A manager's guide to using eDNA metabarcoding in marine ecosystems

PeerJ. 2022 Nov 15:10:e14071. doi: 10.7717/peerj.14071. eCollection 2022.


Environmental DNA (eDNA) metabarcoding is a powerful tool that can enhance marine ecosystem/biodiversity monitoring programs. Here we outline five important steps managers and researchers should consider when developing eDNA monitoring program: (1) select genes and primers to target taxa; (2) assemble or develop comprehensive barcode reference databases; (3) apply rigorous site occupancy based decontamination pipelines; (4) conduct pilot studies to define spatial and temporal variance of eDNA; and (5) archive samples, extracts, and raw sequence data. We demonstrate the importance of each of these considerations using a case study of eDNA metabarcoding in the Ports of Los Angeles and Long Beach. eDNA metabarcoding approaches detected 94.1% (16/17) of species observed in paired trawl surveys while identifying an additional 55 native fishes, providing more comprehensive biodiversity inventories. Rigorous benchmarking of eDNA metabarcoding results improved ecological interpretation and confidence in species detections while providing archived genetic resources for future analyses. Well designed and validated eDNA metabarcoding approaches are ideally suited for biomonitoring applications that rely on the detection of species, including mapping invasive species fronts and endangered species habitats as well as tracking range shifts in response to climate change. Incorporating these considerations will enhance the utility and efficacy of eDNA metabarcoding for routine biomonitoring applications.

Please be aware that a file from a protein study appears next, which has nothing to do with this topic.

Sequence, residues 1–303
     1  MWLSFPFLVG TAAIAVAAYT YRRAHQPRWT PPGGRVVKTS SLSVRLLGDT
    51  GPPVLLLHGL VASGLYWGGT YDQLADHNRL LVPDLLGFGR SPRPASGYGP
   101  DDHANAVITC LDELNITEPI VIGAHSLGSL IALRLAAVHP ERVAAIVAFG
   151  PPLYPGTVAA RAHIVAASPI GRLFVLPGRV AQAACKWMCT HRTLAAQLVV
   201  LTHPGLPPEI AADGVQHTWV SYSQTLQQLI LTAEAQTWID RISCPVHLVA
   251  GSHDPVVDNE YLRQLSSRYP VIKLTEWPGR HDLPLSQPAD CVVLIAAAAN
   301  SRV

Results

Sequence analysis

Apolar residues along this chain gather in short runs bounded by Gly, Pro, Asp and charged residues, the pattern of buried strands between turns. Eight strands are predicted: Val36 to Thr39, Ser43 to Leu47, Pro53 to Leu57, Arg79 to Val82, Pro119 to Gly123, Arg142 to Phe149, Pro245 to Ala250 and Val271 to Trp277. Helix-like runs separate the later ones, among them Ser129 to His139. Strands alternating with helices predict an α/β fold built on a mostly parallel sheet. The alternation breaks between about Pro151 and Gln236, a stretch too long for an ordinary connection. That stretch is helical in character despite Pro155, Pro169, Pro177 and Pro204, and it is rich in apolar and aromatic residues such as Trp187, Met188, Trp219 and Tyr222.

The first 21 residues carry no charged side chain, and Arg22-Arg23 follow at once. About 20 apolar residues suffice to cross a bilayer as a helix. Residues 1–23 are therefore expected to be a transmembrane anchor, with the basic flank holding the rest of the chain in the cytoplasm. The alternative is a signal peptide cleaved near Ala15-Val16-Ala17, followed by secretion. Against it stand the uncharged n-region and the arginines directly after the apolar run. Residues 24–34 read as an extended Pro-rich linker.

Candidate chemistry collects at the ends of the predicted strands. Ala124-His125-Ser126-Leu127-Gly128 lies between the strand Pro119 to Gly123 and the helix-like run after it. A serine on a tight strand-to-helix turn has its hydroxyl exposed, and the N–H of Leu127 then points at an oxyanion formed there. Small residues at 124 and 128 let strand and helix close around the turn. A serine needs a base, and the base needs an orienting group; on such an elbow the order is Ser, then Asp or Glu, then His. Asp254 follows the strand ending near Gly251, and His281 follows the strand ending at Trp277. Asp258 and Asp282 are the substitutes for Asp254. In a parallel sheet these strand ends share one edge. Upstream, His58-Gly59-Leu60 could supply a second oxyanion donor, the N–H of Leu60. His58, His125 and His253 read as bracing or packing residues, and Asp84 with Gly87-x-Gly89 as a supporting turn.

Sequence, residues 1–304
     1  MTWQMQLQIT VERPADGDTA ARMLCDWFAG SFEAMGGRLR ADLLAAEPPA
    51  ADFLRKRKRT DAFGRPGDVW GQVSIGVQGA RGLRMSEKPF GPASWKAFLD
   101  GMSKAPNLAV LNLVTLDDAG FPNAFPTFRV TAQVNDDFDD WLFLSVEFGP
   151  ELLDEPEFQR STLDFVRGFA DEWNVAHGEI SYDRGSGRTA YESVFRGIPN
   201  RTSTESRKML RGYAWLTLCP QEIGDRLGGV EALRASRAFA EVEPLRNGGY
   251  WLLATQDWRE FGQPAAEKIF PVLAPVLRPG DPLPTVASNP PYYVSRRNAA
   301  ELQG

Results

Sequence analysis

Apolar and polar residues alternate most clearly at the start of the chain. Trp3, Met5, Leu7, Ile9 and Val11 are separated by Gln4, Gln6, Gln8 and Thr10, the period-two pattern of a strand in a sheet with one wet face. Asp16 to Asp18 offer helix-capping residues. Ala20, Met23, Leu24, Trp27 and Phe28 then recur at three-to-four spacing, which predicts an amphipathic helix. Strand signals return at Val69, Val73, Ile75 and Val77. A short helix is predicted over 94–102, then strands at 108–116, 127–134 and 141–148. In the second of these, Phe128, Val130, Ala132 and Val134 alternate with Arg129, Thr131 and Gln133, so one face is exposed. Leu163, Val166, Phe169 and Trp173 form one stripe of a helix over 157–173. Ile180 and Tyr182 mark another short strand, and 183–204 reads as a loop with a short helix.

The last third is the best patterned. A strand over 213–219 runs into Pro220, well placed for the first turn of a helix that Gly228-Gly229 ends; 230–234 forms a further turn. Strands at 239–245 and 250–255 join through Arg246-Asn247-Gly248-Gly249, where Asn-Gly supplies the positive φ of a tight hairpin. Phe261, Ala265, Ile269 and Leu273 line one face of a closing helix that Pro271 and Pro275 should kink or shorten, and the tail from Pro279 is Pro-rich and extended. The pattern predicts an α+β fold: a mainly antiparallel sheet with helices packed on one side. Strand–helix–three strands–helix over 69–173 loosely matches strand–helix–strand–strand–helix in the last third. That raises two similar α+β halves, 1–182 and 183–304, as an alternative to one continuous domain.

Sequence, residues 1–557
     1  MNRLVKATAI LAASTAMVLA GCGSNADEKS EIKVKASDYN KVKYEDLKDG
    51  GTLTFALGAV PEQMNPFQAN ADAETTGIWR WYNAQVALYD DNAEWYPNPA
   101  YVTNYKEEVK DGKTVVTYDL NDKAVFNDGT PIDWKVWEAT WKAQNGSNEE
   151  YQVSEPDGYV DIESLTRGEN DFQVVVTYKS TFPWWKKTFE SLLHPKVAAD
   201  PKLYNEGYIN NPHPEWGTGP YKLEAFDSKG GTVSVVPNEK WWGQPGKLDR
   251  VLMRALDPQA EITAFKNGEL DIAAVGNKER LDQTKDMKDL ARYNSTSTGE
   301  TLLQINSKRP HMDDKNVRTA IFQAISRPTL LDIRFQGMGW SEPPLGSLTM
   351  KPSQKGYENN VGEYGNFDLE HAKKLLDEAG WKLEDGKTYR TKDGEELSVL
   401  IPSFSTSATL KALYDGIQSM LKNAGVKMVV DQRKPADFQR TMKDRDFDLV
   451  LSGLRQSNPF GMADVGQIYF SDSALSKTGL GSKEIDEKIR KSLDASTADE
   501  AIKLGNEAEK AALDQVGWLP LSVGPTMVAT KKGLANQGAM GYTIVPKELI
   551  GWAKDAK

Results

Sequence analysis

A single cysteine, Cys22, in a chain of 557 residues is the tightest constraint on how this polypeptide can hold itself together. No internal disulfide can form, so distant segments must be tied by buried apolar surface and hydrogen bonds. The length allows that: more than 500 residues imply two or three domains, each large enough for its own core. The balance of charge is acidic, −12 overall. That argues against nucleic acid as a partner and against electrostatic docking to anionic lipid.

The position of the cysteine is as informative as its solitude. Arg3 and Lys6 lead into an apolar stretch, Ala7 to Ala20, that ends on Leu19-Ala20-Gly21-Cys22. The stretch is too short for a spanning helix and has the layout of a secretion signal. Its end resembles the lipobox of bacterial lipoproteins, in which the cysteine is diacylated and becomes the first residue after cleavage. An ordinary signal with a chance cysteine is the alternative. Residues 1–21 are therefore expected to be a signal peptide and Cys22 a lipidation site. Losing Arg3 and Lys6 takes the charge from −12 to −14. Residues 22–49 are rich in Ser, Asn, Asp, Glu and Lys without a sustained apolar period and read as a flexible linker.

Keywords: Assessment; Biodiversity; Biomonitoring; Management; Marine; Metabarcoding; Primer set; Protocol; Site occupancy; eDNA.

Publication types

  • Research Support, U.S. Gov't, Non-P.H.S.
  • Research Support, Non-U.S. Gov't

MeSH terms

  • Biodiversity
  • DNA Barcoding, Taxonomic / methods
  • DNA, Environmental* / genetics
  • Ecosystem*
  • Environmental Monitoring / methods


  • DNA, Environmental